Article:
But what happens if somebody buys a copy of Mars Attacks Star Slammers with the intent to read it and gets home to find out the interiors are Mars Attacks KISS? (Although I’m not sure that this would ever happen, since I don’t see that many incentive covers on the racks in the stores that I frequent. Most require that incentives be pre-ordered.) I’d love to get Mars Attacks Cerebus (cover by Dave Sim!), but I have zero interest in the contents, Mars Attacks Zombies vs. Robots. At least the Mars Attacks Opus cover (by Berkeley Breathed) has Mars Attacks Popeye guts. That kinda makes sense if you think about it hard. I’d probably get that one.
This stunt is too good to waste on a crass moneygrab. Why not do a big Mars Attacks… Cover Collection (like the similar Hero Initiative projects), maybe with lots of other creators and characters participating? And maybe the profits could go to the Red Cross or some other disaster relief agency? It could be called Mars Saves America! That would be a lot better than thinking that IDW was just being greedy with a great idea.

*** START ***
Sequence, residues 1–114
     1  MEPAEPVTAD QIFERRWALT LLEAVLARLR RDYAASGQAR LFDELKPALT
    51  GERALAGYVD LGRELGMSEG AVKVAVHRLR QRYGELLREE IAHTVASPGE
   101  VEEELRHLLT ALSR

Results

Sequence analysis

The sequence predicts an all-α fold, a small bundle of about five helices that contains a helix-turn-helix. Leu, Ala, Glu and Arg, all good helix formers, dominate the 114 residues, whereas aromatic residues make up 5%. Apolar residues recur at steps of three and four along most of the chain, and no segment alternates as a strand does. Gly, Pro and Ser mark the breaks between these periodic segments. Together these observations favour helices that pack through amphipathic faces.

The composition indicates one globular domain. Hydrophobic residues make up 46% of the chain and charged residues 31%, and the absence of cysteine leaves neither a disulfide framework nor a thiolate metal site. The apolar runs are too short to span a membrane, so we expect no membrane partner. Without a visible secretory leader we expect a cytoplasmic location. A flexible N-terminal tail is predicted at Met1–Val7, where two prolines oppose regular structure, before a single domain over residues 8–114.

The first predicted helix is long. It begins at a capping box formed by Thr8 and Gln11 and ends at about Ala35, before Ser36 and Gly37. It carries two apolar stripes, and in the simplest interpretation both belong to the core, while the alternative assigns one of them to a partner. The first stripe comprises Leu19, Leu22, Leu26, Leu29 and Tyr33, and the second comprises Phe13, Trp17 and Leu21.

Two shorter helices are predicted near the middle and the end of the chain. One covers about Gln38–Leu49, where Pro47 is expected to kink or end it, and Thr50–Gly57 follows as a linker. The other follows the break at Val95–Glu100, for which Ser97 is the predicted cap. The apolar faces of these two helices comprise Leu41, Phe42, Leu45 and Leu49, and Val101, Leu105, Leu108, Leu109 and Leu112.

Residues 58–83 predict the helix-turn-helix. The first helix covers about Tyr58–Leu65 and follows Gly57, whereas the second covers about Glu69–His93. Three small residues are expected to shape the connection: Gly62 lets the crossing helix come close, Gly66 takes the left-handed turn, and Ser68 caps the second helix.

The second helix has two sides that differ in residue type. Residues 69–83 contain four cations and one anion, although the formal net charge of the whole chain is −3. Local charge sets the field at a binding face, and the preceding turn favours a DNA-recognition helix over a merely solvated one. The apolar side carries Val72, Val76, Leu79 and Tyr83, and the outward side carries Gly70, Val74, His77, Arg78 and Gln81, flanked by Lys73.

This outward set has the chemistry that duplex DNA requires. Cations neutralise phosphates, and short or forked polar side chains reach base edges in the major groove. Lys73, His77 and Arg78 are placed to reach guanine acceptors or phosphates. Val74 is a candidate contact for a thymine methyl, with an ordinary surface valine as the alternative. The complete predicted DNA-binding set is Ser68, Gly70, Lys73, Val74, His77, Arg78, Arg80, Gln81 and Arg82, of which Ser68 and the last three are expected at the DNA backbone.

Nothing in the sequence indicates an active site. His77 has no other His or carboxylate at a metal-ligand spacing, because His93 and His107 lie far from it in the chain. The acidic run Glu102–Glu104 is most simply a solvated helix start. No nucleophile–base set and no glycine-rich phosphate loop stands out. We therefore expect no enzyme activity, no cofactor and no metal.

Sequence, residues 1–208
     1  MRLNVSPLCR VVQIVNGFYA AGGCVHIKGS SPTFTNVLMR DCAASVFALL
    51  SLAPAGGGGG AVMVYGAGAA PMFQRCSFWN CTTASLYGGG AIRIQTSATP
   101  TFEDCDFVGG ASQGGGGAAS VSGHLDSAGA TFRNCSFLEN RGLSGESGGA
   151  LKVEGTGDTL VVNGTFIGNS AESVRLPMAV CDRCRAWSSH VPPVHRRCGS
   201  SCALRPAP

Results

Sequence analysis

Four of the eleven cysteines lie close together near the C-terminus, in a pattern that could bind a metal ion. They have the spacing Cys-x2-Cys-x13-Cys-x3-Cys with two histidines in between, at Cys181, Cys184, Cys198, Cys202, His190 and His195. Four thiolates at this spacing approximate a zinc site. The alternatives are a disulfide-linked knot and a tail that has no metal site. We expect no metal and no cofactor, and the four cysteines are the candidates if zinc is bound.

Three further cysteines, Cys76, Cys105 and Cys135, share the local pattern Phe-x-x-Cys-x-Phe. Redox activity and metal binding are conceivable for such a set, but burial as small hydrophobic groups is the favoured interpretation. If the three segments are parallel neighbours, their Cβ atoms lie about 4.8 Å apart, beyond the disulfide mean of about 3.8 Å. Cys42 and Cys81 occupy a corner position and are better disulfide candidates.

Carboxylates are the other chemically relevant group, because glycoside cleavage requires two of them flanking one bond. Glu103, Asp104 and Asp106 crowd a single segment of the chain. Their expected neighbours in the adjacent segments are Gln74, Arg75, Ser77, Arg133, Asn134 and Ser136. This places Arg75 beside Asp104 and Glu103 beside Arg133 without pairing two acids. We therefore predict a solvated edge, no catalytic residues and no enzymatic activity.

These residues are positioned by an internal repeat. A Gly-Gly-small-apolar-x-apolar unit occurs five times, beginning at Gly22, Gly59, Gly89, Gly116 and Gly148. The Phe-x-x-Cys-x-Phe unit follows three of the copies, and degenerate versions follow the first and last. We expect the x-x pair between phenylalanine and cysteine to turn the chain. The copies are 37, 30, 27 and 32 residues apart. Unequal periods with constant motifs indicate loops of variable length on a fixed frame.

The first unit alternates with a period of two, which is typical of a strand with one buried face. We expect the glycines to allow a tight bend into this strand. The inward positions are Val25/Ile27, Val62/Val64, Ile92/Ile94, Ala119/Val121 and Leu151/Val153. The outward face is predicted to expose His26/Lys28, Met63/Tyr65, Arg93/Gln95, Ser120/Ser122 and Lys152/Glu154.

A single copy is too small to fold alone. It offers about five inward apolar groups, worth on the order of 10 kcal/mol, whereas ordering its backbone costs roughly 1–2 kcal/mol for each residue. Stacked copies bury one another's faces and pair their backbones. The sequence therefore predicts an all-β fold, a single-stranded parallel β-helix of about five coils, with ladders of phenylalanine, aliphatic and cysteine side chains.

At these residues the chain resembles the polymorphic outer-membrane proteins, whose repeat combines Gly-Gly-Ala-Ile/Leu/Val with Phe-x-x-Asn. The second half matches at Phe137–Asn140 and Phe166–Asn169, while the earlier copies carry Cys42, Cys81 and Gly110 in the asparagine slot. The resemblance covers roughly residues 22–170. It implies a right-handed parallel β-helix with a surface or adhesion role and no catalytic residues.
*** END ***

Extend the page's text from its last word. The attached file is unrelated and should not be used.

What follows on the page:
Speaking of IDW, Popeye #9 has an incentive cover by the legendary MAD artist Al Jaffee . . . Michael Golden and G.I. Joe fans should check out the 23-print Michael Golden’s G.I. Joe Yearbook: Artist’s Edition Portfolio, with faithful reproductions of the original art from that classic G.I. Joe special . . . John Byrne has a new four-issue miniseries from IDW called The High Ways, about a young man’s adventures on an intergalactic cargo freighter throughout the Solar System.